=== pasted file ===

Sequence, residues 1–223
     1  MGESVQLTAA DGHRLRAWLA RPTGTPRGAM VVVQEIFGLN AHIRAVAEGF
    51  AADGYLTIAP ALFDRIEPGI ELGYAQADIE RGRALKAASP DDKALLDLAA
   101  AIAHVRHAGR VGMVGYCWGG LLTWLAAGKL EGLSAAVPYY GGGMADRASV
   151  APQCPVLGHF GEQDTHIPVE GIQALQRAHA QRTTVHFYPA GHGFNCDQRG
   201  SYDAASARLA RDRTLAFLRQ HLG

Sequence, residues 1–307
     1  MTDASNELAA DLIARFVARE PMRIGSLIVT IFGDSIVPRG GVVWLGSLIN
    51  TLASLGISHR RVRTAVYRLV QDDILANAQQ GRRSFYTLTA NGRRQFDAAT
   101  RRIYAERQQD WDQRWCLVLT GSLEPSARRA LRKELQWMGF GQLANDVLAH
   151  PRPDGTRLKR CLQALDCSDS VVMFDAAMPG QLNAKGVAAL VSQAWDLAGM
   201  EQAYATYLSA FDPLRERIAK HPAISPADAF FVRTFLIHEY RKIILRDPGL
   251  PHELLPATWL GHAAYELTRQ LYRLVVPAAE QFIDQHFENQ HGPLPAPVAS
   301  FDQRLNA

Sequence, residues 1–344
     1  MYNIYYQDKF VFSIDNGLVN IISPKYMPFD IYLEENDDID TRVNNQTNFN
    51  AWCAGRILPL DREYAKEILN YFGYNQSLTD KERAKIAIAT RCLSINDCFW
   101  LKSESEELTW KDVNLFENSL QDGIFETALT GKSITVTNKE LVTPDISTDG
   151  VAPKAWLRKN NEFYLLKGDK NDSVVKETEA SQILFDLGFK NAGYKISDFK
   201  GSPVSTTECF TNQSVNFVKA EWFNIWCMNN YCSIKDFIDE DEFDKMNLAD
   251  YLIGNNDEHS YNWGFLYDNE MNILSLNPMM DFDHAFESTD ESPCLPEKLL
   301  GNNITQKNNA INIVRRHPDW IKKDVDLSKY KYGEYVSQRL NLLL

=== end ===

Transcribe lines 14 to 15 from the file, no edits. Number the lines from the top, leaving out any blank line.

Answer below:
   301  FDQRLNA

Sequence, residues 1–344